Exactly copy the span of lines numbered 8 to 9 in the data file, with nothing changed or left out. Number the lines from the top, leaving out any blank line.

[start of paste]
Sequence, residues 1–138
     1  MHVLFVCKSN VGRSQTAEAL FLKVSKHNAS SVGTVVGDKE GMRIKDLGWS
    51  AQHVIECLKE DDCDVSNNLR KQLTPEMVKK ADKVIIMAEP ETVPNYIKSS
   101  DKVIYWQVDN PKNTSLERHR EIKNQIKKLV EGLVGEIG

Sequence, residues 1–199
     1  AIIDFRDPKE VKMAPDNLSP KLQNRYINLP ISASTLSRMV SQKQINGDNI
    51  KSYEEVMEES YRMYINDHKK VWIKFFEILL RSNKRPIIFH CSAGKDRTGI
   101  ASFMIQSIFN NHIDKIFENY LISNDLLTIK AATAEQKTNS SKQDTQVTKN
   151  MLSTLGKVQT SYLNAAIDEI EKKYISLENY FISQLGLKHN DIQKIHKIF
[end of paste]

   101  ASFMIQSIFN NHIDKIFENY LISNDLLTIK AATAEQKTNS SKQDTQVTKN
   151  MLSTLGKVQT SYLNAAIDEI EKKYISLENY FISQLGLKHN DIQKIHKIF